Monday, March 14, 2011


I feel a little morbid. I can't stop watching the videos of the tsunami and looking at pictures of the destruction. It just seems so surreal to me and like something out of a movie. I just found out today that the tsunami hit about 30 minutes after the earthquake. That didn't give residents much time to get to higher ground. I can't imagine how frightening the whole experience would have been and what a horrible way to die. One of the videos showed people running from the wave and it seems like some didn't make it. Other videos show people watching their homes being washed away. The power of the water moving buildings and cars effortlessly just blows my mind. The after images showing buses, cars, and ships on top of 3 story buildings are just incredible. I also think that one of the scariest things about earthquakes is that there are aftershocks. After experiencing a huge, devastating earthquake I think that the aftershocks would invoke an automatic panic response.  I found out too that they had a 7.2 earthquake in the same place 2 days before. The fact that a earthquake that big didn't make the news also blows my mind. That's not a small thing! One encouraging video I saw showed the people who have been displaced really helping each other to get water and find loved ones.  From what I remember, Japan is a more collective society (vs. individualistic like the US) and I admire that that moves them to work for the greater good in these circumstances rather than just looking out for themselves.  I feel helpless and don't know what I might do other than pray for the people who have lost everything. One woman interviewed said that she didn't know if it was good she had survived. She lost everything and it will take a long time to rebuild.  I pray for hope for those people.  It is all so terribly sad.

Tuesday, March 8, 2011


I am reading the book Drive by Dan Pink (along with a bunch of other books since I can't seem to sit down with just one for too long). I find it very fascinating and I am looking forward to seeing if there is some practical tips I can use to improve things in my own work place. The premise is that intrinsic motivation is in many ways squelched by external rewards/punishments which is the traditional way for motivating people/employees. I think about our attempt at work to reduce central line infections and how not everyone is on board with doing the things a collaborative group of hospitals has said will help to reduce infection. Based on this book, the things we have tried (parties for increasing numbers of days without infection, etc) worked as expected. The reward system works in the short term (and it did for us), but people's long term motivation to see it through wanes (and our data says that we are taking steps backwards). So I think that the best way to approach it is just to say "we are doing this because it will create the best outcomes for our patients" and make that the focus. Irregular, unexpected rewards acknowledging a job well done are allowed, but if they become consistent, the reward becomes expected and the same problems result. Per the book, intrinsic motivation can be developed and is found in work that has autonomy, requires/allows the person to obtain mastery, and gives the person a sense of purpose. I am just now in the chapter on autonomy so I'll have to let you know how the rest of the book goes and what I think.  So far it is an interesting book based on psychological approaches and studies I find fascinating. After reading books like this and Freakonomics and it's sequel I sometimes think I should have been a behavioral economist or something (I didn't know that economics was the study of the way people behave). I find it so interesting (but I'm not sure I'm creative enough to think like they do).  I took an assessment from the book's website that says I am more extrinsically motivated than intrinsically. Guess I will have to work on that to be able to really make something of my life and be fulfilled.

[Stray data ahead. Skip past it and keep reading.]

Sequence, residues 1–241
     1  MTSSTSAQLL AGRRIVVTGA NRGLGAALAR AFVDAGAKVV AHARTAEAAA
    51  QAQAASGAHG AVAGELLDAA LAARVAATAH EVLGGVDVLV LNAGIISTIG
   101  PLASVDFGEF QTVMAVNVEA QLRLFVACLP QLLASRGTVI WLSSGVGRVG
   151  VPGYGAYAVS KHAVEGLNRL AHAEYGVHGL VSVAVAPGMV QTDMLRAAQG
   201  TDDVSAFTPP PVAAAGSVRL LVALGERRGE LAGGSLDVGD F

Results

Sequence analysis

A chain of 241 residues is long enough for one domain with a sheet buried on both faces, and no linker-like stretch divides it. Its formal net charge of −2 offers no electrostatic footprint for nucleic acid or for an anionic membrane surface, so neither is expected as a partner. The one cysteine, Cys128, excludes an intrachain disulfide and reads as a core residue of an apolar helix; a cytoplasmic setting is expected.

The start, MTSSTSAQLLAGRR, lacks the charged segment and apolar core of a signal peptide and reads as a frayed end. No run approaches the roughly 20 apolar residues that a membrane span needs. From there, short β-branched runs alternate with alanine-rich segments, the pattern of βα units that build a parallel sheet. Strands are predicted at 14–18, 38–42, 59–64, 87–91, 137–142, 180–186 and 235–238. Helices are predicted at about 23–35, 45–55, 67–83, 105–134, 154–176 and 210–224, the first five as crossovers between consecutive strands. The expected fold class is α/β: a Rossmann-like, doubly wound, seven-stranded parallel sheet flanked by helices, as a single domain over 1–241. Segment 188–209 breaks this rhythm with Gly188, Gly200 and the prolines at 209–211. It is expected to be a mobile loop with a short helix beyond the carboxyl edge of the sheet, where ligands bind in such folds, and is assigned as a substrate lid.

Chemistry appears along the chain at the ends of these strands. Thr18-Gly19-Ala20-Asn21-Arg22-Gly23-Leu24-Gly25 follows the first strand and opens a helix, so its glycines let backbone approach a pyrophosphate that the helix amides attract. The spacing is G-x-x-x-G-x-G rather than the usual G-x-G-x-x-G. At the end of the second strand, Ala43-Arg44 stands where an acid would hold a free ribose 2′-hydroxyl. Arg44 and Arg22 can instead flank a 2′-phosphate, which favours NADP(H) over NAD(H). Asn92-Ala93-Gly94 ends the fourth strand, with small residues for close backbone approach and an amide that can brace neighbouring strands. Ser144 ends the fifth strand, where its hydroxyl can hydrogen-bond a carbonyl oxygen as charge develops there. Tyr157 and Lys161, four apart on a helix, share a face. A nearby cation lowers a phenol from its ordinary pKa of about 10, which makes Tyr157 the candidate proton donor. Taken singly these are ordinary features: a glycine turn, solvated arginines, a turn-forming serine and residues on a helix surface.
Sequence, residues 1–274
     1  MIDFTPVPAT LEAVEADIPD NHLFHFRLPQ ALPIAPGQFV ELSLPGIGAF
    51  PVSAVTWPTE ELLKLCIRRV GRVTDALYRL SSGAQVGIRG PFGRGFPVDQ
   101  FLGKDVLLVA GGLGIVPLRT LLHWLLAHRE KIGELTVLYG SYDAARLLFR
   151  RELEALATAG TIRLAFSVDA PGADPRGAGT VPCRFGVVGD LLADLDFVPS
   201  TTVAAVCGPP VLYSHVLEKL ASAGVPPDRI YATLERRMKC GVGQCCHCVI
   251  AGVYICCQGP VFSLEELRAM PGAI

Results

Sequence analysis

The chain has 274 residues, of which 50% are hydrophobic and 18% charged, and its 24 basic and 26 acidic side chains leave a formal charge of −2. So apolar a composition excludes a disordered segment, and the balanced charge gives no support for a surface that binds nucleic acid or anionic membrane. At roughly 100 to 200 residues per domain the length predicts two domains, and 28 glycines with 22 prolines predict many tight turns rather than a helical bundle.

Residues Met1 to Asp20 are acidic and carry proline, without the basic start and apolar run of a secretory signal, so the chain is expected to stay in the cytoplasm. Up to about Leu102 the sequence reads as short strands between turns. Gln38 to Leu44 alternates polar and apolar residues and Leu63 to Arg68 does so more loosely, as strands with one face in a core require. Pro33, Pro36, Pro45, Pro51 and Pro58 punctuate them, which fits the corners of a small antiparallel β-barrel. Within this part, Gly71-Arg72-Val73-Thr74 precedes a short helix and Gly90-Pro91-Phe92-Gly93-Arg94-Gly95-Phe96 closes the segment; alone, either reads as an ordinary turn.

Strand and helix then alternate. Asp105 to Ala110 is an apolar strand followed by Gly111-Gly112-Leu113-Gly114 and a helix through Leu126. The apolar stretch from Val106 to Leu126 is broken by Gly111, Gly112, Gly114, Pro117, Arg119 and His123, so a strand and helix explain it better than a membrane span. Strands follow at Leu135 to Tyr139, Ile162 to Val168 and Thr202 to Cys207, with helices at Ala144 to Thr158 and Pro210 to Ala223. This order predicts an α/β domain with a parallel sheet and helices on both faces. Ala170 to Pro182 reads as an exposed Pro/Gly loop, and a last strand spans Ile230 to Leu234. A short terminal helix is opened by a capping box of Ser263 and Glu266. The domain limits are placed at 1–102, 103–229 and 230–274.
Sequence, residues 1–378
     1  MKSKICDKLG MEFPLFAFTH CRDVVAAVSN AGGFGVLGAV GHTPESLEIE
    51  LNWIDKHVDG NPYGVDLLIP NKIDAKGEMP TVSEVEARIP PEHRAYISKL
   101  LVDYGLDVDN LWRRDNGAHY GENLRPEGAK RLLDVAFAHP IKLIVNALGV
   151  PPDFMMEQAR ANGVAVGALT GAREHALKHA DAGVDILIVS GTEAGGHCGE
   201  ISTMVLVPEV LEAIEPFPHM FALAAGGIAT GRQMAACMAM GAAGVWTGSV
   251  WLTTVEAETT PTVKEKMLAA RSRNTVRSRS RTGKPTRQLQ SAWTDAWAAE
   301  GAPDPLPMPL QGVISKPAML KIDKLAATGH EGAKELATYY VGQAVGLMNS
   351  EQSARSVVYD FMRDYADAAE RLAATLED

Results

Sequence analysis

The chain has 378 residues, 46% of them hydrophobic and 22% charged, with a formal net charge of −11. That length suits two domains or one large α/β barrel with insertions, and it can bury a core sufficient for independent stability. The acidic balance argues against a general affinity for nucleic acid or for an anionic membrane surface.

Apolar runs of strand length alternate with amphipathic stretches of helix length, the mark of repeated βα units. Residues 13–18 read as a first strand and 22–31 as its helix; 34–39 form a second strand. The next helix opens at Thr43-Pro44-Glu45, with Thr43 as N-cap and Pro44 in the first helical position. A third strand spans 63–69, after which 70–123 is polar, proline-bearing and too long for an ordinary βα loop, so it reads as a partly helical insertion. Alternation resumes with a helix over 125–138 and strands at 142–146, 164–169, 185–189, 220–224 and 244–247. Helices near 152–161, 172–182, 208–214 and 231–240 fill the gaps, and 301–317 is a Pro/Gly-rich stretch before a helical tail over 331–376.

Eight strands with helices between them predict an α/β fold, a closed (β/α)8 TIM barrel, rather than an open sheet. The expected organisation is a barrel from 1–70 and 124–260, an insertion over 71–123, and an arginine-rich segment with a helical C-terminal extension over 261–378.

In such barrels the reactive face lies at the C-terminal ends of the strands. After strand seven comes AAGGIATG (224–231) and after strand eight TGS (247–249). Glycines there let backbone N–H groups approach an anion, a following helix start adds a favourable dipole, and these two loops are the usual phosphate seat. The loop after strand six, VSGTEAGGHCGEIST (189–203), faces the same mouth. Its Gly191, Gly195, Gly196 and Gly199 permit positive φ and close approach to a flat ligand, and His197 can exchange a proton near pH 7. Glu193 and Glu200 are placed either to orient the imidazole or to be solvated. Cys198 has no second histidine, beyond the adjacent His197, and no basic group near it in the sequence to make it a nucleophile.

Friday, March 4, 2011

God is Good

Our pastor challenged us today via email to list ways in which God is good to us (especially if we're going through a low time).

God has blessed me with an amazing family. I was raised in a Christian home with parents that really live out their belief in God. They are even fun to be around (you can just ask the guy I'm dating).

Even though she drives me crazy sometimes, my roommate is a blessing. She's always there to talk about things (sometimes too much talking though). She is a great ministry partner (teaching 6th grade together and serving in other youth events) and a good friend.

God has given me a man of character just as I asked Him. If only this man were also a follower of Christ I would marry him tomorrow if he asked. :-P

God has blessed me with a stable job where I can make a difference. It allows me to make enough money to pay my bills, travel the world and to share with others.

So, despite the fact that I am not where I might have dreamed I would be at 28, I am in a good place. :)

Wednesday, March 2, 2011

Who I want to be

This morning I met a new hire at work who has the unique ability of connecting with you almost immediately. She makes you feel so at ease and as if you are instantaneously one of her best friends! I like her already. I would love to have her interaction abilities! I think I'll have to pay attention to what it is she does. She has an openness about her and I know the key is that somehow she makes you feel good just by talking to her.  I always wanted to be the type of person who could light up a room just by walking in and I think the key is definitely being a sociable person.  I'm gonna work on it.